One of the founders of Labour Against the Witchhunt has been given a restraining order forbidding him from contacting the Labour disputes team.
Tony Greenstein, who has been dubbed a “notorious anti-Semite” by the Campaign Against Anti-Semitism (CAAS) was charged with two counts of harassment, one against the party’s disputes team and the other against one of its employees, Megan McCann.
Today at Brighton Magistrates Court, the CPS offered no evidence on the two counts, on the condition a two-year restraining order was put in place.
The order prevents him from:
- Contacting Patrick Smith – another member of the disputes team – or Ms McCann directly or indirectly by any means
- Contacting the disputes team generally,
- Using expletives or abusive or offensive language in any communications with the Labour Party generally,
- Trying to enter the party’s Victoria Street London headquarters.
Greenstein, 67, of Little Crescent, Rottingdean, spoke to confirm he understood the terms of the order.
The first charge was that he harassed the disputes team in seven emails sent to various members between 5 June, 2020 and 29 October 2020, with abusive, insulted and offensive language, including veiled threats to employees.
The second was that he harassed Ms McCann by sending her four offensive emails between 11 June, 2020 and 29 October, 2020.
Defending, Ed Fish said: “There have been some discussions between the prosecution and defence and the prosecution proposed they would offer no evidence if a restraining order was agreed.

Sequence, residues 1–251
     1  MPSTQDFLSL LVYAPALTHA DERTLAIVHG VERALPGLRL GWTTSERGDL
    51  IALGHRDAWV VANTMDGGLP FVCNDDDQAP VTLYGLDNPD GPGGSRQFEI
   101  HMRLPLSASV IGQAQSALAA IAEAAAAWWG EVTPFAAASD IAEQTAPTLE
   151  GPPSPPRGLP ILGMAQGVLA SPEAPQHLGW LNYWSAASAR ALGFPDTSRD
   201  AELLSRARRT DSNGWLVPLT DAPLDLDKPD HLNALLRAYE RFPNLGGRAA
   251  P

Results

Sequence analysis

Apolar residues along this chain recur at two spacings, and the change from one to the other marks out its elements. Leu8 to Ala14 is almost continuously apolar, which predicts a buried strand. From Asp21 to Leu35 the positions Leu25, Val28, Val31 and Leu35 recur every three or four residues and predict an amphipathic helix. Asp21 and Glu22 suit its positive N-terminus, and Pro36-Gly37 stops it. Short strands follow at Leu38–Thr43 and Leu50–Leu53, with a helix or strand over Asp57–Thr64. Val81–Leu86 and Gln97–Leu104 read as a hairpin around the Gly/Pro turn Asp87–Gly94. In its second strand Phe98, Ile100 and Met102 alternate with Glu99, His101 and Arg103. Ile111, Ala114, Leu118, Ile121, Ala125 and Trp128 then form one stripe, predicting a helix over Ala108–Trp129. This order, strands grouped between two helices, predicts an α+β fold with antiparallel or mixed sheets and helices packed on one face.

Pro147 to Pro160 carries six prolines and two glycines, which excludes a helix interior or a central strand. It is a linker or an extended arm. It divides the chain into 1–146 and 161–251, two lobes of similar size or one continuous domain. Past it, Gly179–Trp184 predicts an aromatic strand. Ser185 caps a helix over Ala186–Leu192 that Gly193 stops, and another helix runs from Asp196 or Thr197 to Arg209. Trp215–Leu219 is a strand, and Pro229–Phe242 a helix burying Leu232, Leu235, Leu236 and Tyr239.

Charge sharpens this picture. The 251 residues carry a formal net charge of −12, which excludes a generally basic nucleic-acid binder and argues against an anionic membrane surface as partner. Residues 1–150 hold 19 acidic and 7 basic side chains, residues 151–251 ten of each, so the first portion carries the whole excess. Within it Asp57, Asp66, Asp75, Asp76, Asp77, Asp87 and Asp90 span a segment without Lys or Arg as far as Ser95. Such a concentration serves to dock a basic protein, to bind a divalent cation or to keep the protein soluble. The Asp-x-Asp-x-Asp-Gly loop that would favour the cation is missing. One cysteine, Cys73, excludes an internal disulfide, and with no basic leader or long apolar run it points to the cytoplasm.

“The charges relates to a complaint made by Tony Greenstein in relation to anti-Semitism investigations by the Labour party and how they behave, in correspondence with the complaints team and he does accept that he did use choice language.”
Greenstein, who today wore a Free Palestine badge, originally pleaded guilty on 4 March this year.
He was expelled from the Labour Party in February 2018 over a series of offensive tweets he sent fellow members.
These included the use of the word Zio, which a 2016 report commissioned by the party into antisemitism said had “no place in party discourse”.
Greenstein, whose father was a rabbi, subsequently co-founded Labour Against the Witchhunt, a collection of former members expelled over anti-Semitism.
In November last year, he lost a libel case against the CAAS who had described him as a “notorious anti-Semite”.
The high court judge said that given his public statements, this was a reasonable opinion for the CAAS to hold.
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